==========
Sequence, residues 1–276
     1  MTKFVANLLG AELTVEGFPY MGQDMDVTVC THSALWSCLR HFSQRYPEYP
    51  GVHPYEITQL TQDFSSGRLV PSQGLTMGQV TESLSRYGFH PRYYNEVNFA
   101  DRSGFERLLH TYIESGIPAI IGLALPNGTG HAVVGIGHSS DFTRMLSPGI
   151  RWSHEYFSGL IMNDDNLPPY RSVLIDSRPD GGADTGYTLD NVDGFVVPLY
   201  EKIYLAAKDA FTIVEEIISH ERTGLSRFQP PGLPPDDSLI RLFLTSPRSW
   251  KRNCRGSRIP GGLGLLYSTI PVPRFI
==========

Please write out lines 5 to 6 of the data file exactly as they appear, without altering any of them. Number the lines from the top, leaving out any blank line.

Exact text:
   151  RWSHEYFSGL IMNDDNLPPY RSVLIDSRPD GGADTGYTLD NVDGFVVPLY
   201  EKIYLAAKDA FTIVEEIISH ERTGLSRFQP PGLPPDDSLI RLFLTSPRSW